For many growers, the most serious challenge is marketing their crop successfully. Successful marketing requires that farmers deliver high quality sweet potatoes to the locations at the times and in the forms that buyers want them. For an individual operator, important factors that influence price and marketing options include:
- Local and national supply levels.
- The costs of growing the product and transporting it to major consuming areas as compared with those same costs for growers in competing areas.
- The volume of product available from a specific geographic area.
- When the crop is harvested.
- The length of time over which buyers can obtain sweet potatoes from an area.
- The quality of the crop, as determined by production, harvesting, and postharvest handling practices.
- The reputation of the grower. An inexperienced grower who provides sweet potatoes of variable quality over short time periods will find limited marketing opportunities.
Growers must often deal with the complexities of selling beyond the local market. To do so successfully requires specialized knowledge about buyer desires, transportation arrangements and regional consumption patterns where the sweet potatoes will eventually be sold. Medium- to large-volume producers often find it to their advantage to employ a sales agent whose sole responsibility is to locate and contact possible buyers and to arrange for transportation. The sales agent works exclusively for the farmer-shipper and negotiates with the buyer over the time and place of delivery, the quantity to be sold and the price on behalf of the grower.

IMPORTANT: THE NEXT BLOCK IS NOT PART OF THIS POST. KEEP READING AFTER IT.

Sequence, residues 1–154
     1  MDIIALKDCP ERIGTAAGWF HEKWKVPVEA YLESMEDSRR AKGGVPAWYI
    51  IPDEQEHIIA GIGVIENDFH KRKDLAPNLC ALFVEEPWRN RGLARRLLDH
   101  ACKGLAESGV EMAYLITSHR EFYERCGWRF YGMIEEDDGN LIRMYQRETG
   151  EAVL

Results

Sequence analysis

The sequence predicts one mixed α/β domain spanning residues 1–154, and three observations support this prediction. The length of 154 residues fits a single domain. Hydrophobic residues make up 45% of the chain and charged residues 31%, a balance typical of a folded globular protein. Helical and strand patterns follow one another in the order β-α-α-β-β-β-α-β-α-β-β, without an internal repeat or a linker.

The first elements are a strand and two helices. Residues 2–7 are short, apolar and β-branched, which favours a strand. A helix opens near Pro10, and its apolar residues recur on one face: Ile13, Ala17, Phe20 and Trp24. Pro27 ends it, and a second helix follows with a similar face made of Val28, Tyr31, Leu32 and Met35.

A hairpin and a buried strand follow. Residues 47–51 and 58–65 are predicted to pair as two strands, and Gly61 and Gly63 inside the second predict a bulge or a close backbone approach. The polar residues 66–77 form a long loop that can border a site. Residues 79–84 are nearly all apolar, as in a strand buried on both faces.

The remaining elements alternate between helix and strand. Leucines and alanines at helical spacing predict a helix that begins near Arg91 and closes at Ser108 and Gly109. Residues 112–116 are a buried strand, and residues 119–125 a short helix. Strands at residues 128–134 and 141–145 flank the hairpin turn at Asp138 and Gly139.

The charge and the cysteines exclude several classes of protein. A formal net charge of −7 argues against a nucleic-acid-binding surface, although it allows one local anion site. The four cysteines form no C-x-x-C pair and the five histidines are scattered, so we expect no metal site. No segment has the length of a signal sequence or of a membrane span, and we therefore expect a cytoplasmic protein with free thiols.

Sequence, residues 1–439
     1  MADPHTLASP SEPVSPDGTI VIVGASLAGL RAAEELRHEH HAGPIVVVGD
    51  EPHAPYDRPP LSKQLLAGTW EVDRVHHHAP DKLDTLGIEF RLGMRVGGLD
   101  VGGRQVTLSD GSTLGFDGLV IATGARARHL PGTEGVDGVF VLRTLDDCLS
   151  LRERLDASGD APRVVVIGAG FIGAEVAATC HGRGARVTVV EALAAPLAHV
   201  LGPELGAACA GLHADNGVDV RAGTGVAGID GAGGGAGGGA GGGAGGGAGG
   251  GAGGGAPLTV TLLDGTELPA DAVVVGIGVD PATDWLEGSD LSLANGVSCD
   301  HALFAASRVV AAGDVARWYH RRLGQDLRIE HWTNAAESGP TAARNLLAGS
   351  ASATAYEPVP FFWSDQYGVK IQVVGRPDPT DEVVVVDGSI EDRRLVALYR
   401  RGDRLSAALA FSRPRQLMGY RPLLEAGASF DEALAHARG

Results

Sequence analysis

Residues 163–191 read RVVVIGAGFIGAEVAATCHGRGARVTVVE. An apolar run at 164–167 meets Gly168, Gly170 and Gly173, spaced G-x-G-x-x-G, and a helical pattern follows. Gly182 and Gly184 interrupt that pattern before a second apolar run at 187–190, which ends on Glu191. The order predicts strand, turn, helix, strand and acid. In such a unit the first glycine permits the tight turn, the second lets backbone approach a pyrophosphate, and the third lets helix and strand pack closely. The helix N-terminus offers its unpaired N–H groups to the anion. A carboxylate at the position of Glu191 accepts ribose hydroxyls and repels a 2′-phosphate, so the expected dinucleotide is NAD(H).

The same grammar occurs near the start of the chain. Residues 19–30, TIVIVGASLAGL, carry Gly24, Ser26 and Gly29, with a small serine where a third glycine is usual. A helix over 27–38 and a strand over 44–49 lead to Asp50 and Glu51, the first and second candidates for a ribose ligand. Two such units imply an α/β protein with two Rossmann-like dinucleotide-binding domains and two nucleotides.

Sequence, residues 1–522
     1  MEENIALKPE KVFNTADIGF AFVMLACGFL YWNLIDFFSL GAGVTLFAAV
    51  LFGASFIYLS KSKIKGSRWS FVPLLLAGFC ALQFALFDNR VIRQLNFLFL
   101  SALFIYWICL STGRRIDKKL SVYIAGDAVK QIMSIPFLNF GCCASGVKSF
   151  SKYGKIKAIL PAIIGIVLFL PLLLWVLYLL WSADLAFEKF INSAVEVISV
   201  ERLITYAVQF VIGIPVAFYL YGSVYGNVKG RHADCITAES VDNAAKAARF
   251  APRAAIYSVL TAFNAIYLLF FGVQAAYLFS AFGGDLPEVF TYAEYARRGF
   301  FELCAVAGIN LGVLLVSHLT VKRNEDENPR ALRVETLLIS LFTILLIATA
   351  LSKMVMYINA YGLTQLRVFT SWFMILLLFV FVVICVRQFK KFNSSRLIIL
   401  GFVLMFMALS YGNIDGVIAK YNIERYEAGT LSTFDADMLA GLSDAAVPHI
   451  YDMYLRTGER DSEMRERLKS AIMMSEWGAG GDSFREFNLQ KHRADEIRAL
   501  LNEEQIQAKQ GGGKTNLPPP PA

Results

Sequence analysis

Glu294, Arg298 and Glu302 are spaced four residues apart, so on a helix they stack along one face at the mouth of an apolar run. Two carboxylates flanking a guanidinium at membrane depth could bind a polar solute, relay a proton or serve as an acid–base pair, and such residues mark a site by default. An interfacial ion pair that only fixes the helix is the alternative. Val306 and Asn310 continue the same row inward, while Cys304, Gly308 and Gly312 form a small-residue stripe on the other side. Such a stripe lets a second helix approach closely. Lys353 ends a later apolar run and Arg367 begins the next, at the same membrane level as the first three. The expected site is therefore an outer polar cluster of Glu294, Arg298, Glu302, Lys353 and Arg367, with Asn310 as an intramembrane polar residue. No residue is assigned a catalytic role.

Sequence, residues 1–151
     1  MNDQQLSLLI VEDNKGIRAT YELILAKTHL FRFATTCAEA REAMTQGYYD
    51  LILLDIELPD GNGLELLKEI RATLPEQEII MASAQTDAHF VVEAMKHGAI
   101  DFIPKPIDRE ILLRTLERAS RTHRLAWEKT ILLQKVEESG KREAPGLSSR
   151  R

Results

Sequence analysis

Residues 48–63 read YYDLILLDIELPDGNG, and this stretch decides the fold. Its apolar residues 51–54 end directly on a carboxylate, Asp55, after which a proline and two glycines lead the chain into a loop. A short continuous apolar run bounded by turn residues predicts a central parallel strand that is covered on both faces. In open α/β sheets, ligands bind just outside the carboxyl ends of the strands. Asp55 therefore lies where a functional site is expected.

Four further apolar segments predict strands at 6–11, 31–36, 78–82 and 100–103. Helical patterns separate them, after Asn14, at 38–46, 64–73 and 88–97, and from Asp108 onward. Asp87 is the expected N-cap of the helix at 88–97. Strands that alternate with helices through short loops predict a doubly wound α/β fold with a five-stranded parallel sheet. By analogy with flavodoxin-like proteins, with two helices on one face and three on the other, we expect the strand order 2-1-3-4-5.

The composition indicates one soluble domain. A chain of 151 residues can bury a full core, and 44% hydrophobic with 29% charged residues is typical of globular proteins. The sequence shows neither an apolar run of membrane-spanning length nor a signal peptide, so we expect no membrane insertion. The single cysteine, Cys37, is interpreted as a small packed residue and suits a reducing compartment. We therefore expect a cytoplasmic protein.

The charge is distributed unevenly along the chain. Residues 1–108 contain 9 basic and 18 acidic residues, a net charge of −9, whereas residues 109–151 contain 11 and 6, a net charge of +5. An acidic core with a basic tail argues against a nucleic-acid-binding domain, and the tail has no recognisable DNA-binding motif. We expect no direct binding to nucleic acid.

Another option for the grower is to hire a sweet potato broker, who acts as a go-between. In other words, the broker negotiates the specific details of a sale contract between a seller and buyer. Brokers will work for a seller or buyer (depending on who is paying the brokerage fee) and usually do not take possession of, or even handle, the sweet potatoes.
For smaller-volume producers, marketing options can include direct sales to consumers, selling to local grocery stores, or selling to local shipper-packers. In several areas of the state, growers have organized marketing cooperatives that permit them to market their product jointly. Because of the increased volume, they are able to hire a sales agent to handle the marketing process.
It is estimated that over 70% of all the sweet potatoes grown commercially in North Carolina are sold directly to chain stores, terminal market facilities, or foodservice providers. The remaining 30% are sold to processors for canning, flaking, chipping, frying, freezing or baby food.
It is advised that before you plant sweet potatoes that a marketing plan be developed and confirmed.